Southeast Asian Draco lizards, North American flying squirrels, and Australian sugar gliders: what do they have in common?
They all glide—not fly—with the help of special flaps called patagia. With the help of many stock photos (of varying quality and focus) and some drawings and engravings, the mechanics of the gliding process are explained. The text is clear and speaks of the history of gliding animals from the 125 million–year-old fossils of “the earliest known mammalian glider, Volaticotherium antiquis” to “some astonishing new gliding animals… / …PEOPLE!” The author includes information about professionally created hang gliders and wingsuits and warns his young readers not to attempt to build their own. Leonardo da Vinci’s sepia-toned design for an ornithopter, a gliding machine, illustrates this spread opposite an exciting photo of a person in a red, white, and blue wingsuit. With the round series logo (How Nature Works) used as a design element alongside photos of different sizes and focus inserted in each double-page spread, the layout is sometimes too busy, but some photos are striking. The full-page photo of the Asian Wallace’s frog is a wonderful animal portrait, as is the Malaysian Draco lizard. Backmatter includes websites and a bibliography of adult books as well as a glossary.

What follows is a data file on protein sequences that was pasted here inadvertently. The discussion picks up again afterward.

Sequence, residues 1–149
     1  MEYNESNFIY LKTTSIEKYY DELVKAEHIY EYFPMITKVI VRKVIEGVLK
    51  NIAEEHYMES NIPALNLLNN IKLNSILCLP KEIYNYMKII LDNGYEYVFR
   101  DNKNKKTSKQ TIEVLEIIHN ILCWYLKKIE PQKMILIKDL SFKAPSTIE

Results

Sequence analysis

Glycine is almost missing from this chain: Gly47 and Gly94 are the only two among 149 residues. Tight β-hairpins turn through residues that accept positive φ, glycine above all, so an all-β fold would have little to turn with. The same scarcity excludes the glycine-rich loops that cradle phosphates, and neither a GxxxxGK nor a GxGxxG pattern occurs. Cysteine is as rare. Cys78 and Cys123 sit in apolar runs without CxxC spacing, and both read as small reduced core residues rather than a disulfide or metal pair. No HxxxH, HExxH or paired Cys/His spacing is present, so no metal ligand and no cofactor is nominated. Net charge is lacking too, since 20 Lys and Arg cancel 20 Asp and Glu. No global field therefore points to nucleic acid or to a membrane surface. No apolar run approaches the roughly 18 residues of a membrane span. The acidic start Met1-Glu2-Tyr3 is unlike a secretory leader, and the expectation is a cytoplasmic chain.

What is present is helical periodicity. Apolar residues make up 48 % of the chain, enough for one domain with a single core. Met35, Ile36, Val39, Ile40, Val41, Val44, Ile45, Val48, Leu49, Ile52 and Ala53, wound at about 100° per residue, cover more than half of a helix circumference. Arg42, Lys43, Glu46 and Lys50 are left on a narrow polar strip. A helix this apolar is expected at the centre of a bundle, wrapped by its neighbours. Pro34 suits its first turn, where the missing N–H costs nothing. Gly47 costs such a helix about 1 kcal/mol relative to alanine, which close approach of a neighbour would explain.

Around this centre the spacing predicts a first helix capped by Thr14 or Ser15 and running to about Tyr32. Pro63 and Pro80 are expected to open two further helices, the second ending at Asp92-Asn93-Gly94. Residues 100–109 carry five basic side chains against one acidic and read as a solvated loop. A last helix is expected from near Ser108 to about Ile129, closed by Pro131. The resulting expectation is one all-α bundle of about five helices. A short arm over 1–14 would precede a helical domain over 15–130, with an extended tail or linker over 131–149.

Though some of the individual animals might be found in other titles, bringing them all together as gliders here makes the book worth a look. (Nonfiction. 9-12)